An easy way to apply list-style automatic numbering in WordPerfect is to use the “QuickBullets” feature (also sometimes referred to as “QuickNumbers”). With QuickBullets turned on, WordPerfect converts numbers that you type manually into automatic numbers.

In other words, when you type an Arabic or roman numeral or an upper-case or lower-case letter, then type a period (or an end parenthesis or hyphen), and then press the Tab or Indent key, WordPerfect changes the character into a code and turns on automatic numbering. It also turns the tab into a hanging indent (you can turn the indent back into a tab, however). When you type some text and press the Enter key, WordPerfect inserts the next character in sequence. To stop numbering, press Enter, then immediately press Backspace.

In older versions of WP, QuickBullets could not be used to create multi-level lists.  In recent versions (X3, X4, and X5), you can press the Tab key and Shift Tab to change the level of a paragraph.  (Tab “demotes” the paragraph to a lower level; Shift Tab “promotes” the paragraph to a higher level.)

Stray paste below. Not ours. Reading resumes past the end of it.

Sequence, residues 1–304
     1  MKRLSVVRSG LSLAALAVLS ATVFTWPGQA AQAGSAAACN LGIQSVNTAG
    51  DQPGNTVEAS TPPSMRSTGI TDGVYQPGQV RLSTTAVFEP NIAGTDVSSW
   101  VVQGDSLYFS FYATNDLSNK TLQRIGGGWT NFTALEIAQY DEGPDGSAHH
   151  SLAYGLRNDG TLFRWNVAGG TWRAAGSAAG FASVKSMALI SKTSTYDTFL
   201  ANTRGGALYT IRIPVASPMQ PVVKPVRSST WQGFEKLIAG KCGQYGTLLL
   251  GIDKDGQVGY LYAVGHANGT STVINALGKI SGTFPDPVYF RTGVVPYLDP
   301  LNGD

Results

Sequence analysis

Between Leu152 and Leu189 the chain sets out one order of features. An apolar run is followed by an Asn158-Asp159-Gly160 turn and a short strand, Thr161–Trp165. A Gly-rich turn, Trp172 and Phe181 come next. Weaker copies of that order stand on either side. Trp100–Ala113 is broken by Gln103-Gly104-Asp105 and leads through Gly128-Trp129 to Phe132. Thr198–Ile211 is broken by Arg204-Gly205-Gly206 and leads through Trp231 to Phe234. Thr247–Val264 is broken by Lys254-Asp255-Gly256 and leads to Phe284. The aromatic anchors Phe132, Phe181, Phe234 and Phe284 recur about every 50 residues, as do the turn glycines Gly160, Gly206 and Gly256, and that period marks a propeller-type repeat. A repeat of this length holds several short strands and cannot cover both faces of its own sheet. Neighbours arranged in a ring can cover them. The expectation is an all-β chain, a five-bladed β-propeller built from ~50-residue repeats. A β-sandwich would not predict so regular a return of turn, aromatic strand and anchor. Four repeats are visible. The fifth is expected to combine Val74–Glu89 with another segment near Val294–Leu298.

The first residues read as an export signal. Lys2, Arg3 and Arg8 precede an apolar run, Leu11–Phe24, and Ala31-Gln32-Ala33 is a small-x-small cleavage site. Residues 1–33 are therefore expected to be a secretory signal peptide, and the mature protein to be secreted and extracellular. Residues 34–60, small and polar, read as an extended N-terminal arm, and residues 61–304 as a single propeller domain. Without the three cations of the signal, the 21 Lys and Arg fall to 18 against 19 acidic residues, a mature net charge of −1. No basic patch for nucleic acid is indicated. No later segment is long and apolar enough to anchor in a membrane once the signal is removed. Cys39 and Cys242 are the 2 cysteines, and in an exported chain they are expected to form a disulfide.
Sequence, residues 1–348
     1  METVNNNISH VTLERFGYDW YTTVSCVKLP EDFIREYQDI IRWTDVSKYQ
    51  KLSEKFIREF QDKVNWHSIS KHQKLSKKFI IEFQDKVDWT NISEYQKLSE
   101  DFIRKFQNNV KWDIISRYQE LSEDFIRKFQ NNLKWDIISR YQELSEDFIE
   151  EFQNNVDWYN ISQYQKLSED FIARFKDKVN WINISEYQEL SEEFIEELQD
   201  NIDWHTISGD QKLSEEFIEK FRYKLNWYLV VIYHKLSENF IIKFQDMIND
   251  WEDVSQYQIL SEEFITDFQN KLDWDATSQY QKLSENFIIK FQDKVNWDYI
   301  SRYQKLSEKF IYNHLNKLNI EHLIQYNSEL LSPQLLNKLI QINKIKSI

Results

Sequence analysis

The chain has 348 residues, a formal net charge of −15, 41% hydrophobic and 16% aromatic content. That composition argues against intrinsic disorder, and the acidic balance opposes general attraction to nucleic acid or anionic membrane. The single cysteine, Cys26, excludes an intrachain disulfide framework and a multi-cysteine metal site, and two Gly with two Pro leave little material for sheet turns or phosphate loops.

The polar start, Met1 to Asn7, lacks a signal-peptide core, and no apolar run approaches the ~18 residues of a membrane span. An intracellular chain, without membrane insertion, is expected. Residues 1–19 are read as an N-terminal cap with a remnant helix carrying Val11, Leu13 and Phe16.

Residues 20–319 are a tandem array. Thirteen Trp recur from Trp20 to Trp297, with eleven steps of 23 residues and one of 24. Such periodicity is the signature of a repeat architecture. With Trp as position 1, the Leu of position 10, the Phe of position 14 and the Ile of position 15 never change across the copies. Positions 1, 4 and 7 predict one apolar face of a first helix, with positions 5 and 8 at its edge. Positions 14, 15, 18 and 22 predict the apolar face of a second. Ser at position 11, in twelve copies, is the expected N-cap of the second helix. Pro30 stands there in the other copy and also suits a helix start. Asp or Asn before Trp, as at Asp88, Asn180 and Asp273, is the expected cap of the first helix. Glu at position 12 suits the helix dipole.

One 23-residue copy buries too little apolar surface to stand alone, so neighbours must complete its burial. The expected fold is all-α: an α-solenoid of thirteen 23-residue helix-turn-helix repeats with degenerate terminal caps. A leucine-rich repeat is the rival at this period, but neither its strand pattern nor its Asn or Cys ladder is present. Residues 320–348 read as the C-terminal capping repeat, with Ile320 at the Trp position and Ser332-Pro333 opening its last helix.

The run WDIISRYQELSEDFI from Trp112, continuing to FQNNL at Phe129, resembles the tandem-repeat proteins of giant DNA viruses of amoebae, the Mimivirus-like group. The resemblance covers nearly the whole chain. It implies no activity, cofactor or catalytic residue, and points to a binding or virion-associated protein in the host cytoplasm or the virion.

If you turn off numbering, then want to turn it on again, just type another number or letter, followed by a period (or end paren or hyphen) and a tab (or indent), and continue with your list.  (Every once in a while, numbers won’t increment properly, but that is a relatively rare occurrence.)  Alternatively, click Insert, Outline/Bullets & Numbering, make sure the number type you’re using is selected, then click Resume outline or list.

QuickBullet (QuickNumber) Options

(Choose one from Column A, one from Column B, and one from Column C)

Character

1 (Arabic numeral)